- Not to be confused with Tarragon.
A teragon is a polygon with an infinite number of sides, the most famous example being the Koch snowflake. Typically, a teragon will be bounded by one or more self-similar fractal curves, which are created by replacing each line segment in an initial figure with multiple connected segments, then replacing each of those segments with the same pattern of segments, then repeating the process an infinite number of times for every line segment in the figure.
The word "teragon" comes from Greek τέρας (teras), "monster, marvel", + γωνία (gōnía) "corner, angle" (as in poly-gon). By the standards of classical geometry, a teragon like the Koch snowflake was a marvelous or monstrous object requiring new techniques to understand and analyze.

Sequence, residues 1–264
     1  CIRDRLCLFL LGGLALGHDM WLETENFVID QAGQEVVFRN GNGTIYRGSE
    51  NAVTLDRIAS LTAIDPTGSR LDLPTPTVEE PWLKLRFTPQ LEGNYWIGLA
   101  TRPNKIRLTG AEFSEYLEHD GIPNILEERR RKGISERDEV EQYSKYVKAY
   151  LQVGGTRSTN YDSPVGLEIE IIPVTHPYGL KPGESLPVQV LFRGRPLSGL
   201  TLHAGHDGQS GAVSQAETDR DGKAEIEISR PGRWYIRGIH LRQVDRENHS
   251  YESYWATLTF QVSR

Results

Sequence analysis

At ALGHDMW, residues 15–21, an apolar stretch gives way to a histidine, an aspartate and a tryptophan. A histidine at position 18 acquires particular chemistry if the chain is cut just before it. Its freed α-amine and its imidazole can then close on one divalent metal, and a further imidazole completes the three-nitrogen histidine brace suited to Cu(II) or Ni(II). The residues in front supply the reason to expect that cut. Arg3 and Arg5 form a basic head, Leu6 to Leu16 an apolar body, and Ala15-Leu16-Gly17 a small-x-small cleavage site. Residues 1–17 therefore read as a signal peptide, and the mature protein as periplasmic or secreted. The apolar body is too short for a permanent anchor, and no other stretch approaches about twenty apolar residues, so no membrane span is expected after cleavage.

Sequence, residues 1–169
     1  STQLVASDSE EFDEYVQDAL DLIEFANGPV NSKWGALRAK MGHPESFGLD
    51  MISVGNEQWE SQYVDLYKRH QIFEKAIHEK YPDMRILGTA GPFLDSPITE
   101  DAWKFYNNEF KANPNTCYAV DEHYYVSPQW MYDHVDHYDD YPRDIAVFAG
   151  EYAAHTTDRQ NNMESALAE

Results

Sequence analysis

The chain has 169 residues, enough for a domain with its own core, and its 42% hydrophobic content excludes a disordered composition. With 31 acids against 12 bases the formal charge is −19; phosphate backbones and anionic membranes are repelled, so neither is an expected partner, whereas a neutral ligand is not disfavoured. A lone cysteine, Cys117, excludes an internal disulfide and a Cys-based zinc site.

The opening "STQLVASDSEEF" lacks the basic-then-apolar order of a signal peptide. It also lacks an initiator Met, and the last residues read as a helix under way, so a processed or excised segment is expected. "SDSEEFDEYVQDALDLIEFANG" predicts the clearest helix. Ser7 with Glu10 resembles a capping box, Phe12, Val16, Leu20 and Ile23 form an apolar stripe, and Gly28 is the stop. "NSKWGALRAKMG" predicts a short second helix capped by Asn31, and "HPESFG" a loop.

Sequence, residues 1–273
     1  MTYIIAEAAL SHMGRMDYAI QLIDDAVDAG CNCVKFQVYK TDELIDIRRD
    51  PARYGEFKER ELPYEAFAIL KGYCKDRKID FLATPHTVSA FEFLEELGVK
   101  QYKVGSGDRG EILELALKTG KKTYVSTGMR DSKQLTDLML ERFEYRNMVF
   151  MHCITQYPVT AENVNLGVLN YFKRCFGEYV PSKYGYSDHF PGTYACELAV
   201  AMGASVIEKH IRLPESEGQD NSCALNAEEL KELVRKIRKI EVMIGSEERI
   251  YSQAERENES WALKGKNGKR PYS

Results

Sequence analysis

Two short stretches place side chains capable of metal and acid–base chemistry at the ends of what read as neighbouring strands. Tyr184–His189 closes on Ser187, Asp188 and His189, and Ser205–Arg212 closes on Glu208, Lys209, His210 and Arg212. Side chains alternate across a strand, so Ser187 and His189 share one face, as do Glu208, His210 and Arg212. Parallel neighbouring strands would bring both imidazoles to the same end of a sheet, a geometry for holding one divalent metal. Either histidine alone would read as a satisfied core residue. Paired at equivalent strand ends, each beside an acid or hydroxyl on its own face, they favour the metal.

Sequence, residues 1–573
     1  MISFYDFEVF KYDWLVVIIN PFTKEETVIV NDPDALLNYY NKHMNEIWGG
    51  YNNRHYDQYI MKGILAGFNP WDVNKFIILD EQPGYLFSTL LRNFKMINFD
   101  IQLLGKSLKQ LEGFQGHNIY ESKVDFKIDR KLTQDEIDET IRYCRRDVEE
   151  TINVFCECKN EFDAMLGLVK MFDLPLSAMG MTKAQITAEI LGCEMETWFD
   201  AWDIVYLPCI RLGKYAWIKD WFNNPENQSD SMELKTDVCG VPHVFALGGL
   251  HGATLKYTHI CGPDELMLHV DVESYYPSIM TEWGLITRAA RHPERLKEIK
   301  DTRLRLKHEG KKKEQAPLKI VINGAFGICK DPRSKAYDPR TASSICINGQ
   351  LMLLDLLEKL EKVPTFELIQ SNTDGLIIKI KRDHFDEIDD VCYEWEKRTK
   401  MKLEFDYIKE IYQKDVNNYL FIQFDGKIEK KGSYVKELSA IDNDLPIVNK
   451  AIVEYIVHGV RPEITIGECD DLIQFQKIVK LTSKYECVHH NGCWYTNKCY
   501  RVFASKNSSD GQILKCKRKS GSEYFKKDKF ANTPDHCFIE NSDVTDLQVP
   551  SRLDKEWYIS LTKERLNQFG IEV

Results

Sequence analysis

The horned triangle, created by erecting a series of smaller triangles on one corner of an equilateral triangle, is another example of a teragon. It is also an example of a rep-tile, or shape that can be completely dissected into smaller copies of itself.
- Mandelbrot, B. B. (1982). The Fractal Geometry of Nature. W.H. Freeman and Company. ISBN 0-7167-1186-9.
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